Justice, Legality and the Rule of Law: Lessons from the Pitcairn Prosecutions

This work's narrow focus misses women's suffering and lack of redress, argues Rosemary Hunter

January 28, 2010

Pitcairn is a tiny and extremely remote island in the Pacific Ocean with a population of about 50. It was settled in 1790 by nine of the HMS Bounty mutineers and 19 kidnapped Tahitians. At some (contested) point, it became a British colonial possession. The inhabitants were generally governed remotely by Britain, with British laws extended to Pitcairn by ordinance. A local court was also established with jurisdiction over minor criminal and civil matters.

During a visit to the island to provide policing support in 1999-2000, an English police officer, Gail Cox, uncovered a pattern of systematic and sustained sexual abuse of girls and young women, extending over the past 30 years: "Most were assaults by older men on girls from the age of five, and even three years old. Many offences involved violence." Almost all of the men on the island had engaged in this behaviour, and almost all of the girls and women on the island had been its victims - a number of whom had subsequently left. A total of 30 offenders and 31 victims were identified, although ultimately, only seven men were prosecuted and six convicted.

The prosecutions were brought under the British Sexual Offences Act 1956, which was in force on Pitcairn by virtue of the Judicature Ordinance 1970. The defendants advanced various technical legal arguments as to why the prosecutions were invalid: that Pitcairn was not a British colony subject to British law; that if it was, it was not the type of colony that attracted the automatic application of British law; and that even if British law did apply, the prosecutions were an abuse of process because the Sexual Offences Act 1956 had never been promulgated on the island and the defendants were unaware of its terms. These arguments were taken ultimately to the Privy Council, whose decision is reproduced here as an appendix. The book is based on the premise that the Privy Council dismissed the arguments too readily, and they deserve to be given more careful consideration.

This, then, is very much a lawyers' book, and a book for the kind of lawyer who is interested in abstract, jurisprudential questions of jurisdiction and legality. The one contribution from a non-lawyer, a short afterword by Marilyn Strathern, does not, regrettably, prove particularly illuminating. Personally, I am not the kind of lawyer for whom this book is designed; moreover, I tend to the view that the abstract technical arguments with which the book is concerned are the kinds of things that give law a bad name.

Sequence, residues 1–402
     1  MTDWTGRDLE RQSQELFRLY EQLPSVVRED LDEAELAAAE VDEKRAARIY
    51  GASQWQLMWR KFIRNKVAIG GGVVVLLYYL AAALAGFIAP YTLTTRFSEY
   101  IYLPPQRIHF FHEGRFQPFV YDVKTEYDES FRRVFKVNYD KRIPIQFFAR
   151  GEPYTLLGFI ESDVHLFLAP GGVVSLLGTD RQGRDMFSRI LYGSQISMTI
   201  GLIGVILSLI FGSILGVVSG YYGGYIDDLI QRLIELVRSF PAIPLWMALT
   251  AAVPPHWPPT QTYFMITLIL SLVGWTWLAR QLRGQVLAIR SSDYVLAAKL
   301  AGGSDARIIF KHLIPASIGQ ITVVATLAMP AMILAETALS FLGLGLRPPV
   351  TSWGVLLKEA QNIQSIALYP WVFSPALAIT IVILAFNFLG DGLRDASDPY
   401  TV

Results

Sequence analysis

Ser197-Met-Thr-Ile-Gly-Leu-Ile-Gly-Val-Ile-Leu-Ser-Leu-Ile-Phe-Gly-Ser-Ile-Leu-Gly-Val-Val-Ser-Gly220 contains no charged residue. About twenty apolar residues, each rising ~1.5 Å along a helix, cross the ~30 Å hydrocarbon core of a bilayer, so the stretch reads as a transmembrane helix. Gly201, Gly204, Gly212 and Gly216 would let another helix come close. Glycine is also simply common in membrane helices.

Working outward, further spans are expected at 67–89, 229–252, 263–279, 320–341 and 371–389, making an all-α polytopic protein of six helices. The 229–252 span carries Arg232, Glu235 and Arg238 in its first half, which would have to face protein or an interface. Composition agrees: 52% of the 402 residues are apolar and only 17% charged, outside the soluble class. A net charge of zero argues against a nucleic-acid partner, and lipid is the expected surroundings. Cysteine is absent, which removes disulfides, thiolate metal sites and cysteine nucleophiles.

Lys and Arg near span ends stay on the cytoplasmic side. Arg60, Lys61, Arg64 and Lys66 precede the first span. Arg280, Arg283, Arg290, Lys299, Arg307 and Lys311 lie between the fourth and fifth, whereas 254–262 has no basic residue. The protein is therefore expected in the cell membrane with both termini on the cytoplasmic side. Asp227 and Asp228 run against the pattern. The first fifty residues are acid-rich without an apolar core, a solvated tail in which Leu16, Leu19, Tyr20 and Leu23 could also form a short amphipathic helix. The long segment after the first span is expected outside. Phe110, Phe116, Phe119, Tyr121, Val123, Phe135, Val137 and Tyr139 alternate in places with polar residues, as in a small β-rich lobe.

Indeed, the book made me angry. With the honourable exceptions of the first chapter by Dawn Oliver and the chapter on human rights by Colm O'Cinneide, the authors' focus on the jurisdictional arguments advanced by the defendants results in a denial of the subjectivity of the girls and women who were raped and sexually assaulted - a disturbing repetition of the effects of the original offences.

Several of the arguments raised in the book have wider implications. There is much liberal hand-wringing about the unfairness of prosecuting the men for activities that were allegedly considered normal within Pitcairn "culture", in line with the invocation of the so-called cultural defence in a variety of multicultural contexts. However, the idea that sexual abuse of girls and women was widely "tolerated" ignores the fact that it clearly was not tolerated by the women concerned, especially those who left, and who testified in the criminal trials.

The argument suggests that "culture" is what (powerful) men do, and that it is static and uncontested. Women do not make "culture"; they are merely its objects. What results is something like a Nuremberg defence for men, who are seen to be only following "cultural" orders. Obviously such an argument is unsustainable, not least because the Pitcairn defendants clearly knew that what they were doing was morally and legally wrong.

Even O'Cinneide, who champions the women's fundamental human rights to dignity and bodily integrity, tends to figure them as passive victim-subjects of human rights law. Are not the women of Pitcairn also entitled to justice, legality and the rule of law? And didn't the British Government intervene precisely for that reason? Moreover, even if one accepts the arguments that the prosecutions should not have occurred, shouldn't attention then turn to the other means by which justice for the women could have been achieved?

Yet apart from some passing mentions of a compensation scheme or a truth and reconciliation-type process, the alternatives to prosecution are given no detailed consideration. There is a very interesting feminist literature available on transitional justice mechanisms, and on alternative processes such as the Grandview agreement, which was established to provide redress for girls subjected to physical, sexual and psychological abuse at a Canadian residential school.

Greater attention to these issues would have been a useful addition to the book and would have gone some way to balancing its concerns for justice, legality and the rule of law for all protagonists.

Justice, Legality and the Rule of Law: Lessons from the Pitcairn Prosecutions

Edited by Dawn Oliver

Oxford University Press

320pp, £50.00

ISBN 9780199568666

Published 3 September 2009

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